Civil Service, Finalist 2016, The Cityparents Best for all stages of Motherhood Award
- A range of programmes and tools to deliver one overall aim of enabling mothers to achieve their career progression potential.
- Shared best practice across a large organisation with different departments and agencies ensures ease of movement between those departments and fairness across the whole organisation.
- The programmes and tools address the softer skills managers need to support their employees who are mothers, as well as giving practical help and advice.
- Networks ensure that employees who are mothers are able to connect across the whole Civil Service.
The programmes around motherhood, implemented by the Civil Service, are all designed to promote the value that every talented individual has, giving them the opportunity to progress. Improving the support offered to employees who are mothers is a vital strand in enabling women to achieve this career progression. In September 2014, the Civil Service published ‘Talent Action Plan: Removing the barriers to success’, which was refreshed in March 2016. This commits the whole organisation to co-ordinated action to address barriers and bring together best practice.
Women are offered support before, during and on return from maternity leave. For example, keep in touch days can be used flexibly during maternity leave by offering the opportunity to take forward short term, strategic projects in line with career interests. On return to work, women are matched with a buddy to help them re-establish connections across their department. Development and mentoring programmes are also offered including: The Positive Action Pathway – a structured one-year development programme targeting under-represented groups, including women; mentoring facilitated by employee networks and the Civil Service Coaching and Mentoring Digital Database. Networks have been created to span the whole Civil Service, including the Cross-Government Women’s Network which represents over 30 departmental women’s, gender and parenting networks. A key feature of the network is that it shares best practice across government so that all women, from any background in the Civil Service, can access a range of support at different stages of their career and parenthood.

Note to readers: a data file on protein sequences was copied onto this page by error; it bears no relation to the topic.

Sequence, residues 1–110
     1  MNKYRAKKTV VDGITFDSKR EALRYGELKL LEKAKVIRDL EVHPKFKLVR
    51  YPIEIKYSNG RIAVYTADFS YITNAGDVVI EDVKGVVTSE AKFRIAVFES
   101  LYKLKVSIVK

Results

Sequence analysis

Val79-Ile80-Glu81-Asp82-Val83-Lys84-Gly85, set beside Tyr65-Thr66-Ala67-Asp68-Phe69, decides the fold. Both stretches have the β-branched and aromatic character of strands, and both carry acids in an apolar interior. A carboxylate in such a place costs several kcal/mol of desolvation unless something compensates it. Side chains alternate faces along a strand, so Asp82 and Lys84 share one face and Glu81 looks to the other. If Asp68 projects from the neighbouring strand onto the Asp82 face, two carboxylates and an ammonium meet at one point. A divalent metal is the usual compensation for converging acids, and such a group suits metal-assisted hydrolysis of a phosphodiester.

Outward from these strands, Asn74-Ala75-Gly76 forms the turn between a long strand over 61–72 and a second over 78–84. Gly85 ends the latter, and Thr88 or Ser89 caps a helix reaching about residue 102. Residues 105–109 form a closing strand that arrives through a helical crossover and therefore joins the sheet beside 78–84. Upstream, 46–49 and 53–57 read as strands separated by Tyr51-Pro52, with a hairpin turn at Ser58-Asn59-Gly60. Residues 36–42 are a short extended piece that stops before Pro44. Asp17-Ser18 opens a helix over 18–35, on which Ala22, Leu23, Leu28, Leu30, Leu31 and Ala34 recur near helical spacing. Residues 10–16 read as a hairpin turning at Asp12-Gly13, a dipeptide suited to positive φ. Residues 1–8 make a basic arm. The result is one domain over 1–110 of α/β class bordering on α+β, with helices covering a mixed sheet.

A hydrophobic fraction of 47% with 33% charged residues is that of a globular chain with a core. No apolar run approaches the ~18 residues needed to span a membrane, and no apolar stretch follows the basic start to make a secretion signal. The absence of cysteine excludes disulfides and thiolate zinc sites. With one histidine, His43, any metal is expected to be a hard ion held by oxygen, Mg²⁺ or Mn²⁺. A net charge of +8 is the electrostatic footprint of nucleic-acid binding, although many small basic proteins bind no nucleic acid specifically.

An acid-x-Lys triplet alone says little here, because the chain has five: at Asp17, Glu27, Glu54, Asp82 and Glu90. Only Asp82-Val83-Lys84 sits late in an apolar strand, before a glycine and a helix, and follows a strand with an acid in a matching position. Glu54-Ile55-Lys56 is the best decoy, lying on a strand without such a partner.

The overall aim is to maximise schemes and networks to support women at key transition points during their career, especially when returning from maternity leave.
In March 2015 the Civil Service Job Share Finder was launched. This online tool to facilitate job share partner matching is accompanied by job share guidance, which provides advice to employees and managers on setting up a partnership, recruiting and managing a job share partnership along with real-life case studies.
A toolkit for managers and employees was launched to coincide with the introduction of Shared Parental Leave in 2015. The intention is for managers and employees to work through the toolkit together.
In June 2016 the Civil Service intends to launch a new product which will help improve line managers’ soft skills including dealing with complex and sensitive issues.
The Civil Service has recognised that a range of tools and support, shared across all its departments and agencies, is the best way to support women at every step of motherhood. Women then have the best possible chance of reaching senior levels unhindered by career breaks and flexible working. These programmes have ensured that the Civil Service is clearly working towards its aim of becoming the most inclusive employer in the UK.